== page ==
2013-09-17
2013-01-2261
This paper details the development of a user-friendly computerised tool created to evaluate the Manufacturing Readiness Levels (MRL) of an emerging technology. The main benefits achieved are to manage technology development planning and tracking, make visually clear and standardised analysis, and improve team communication. The new approach is applied to the Technology Readiness Levels (TRL), currently used by Airbus Research & Technology (R&T) UK. The main focus is on the improvement of the analysis criteria. The first phase of the study was to interpret the manufacturing criteria used by Airbus at TRL 4, including a brief benchmarking review of similar practices in industry and other Airbus' project management tools. All information gathered contributed to the creation of a complete set of criteria.
Journal Article

Emerging Technologies for Use in Aerospace Bonded Assemblies

2013-09-17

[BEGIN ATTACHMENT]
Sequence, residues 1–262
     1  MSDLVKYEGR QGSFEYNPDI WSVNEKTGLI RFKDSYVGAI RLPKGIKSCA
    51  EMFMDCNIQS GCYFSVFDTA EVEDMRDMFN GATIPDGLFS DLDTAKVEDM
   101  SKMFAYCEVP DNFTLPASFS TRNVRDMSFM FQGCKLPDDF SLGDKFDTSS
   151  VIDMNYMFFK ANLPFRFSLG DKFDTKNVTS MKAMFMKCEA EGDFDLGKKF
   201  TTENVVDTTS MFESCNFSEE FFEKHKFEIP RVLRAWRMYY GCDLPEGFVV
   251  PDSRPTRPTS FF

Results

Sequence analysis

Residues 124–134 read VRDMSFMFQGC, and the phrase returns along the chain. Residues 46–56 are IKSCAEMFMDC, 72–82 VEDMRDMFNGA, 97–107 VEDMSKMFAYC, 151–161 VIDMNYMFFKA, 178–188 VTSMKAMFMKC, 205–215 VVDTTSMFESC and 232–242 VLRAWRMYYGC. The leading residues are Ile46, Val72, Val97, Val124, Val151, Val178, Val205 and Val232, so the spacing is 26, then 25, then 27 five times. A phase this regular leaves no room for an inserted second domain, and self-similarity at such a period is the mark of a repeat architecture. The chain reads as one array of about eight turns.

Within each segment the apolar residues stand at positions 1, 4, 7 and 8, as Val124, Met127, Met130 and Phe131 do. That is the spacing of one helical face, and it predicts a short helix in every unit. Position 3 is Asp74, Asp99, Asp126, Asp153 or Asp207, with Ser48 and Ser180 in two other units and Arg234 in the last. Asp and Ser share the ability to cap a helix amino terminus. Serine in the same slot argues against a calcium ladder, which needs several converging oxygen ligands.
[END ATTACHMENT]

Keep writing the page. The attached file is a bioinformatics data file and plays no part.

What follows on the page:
2013-01-2134
Several new technologies are now emerging to improve adhesive supply and formulation along with surface treatments that have the potential to offer significant improvements to both surface energy and cleanliness [3]. Additionally, the miniaturisation of laboratory techniques into portable equipment offers potential for online surface energy and chemical analysis measurement for use as quality control measures in a production environment. An overview of newly available technology is given here with several devices studied in further detail. Technologies assessed further in this paper are; portable surface contact angle measurement, ambient pressure plasma cleaning, portable FTIR measurement and adhesive mixing equipment. A number of potential applications are outlined for each device based on the operational technique. The practical aspects of implementation and the perceived technology readiness levels for operation, implementation and results are also given.
Technical Paper

Drilling Cost Model

2002-09-30
2002-01-2632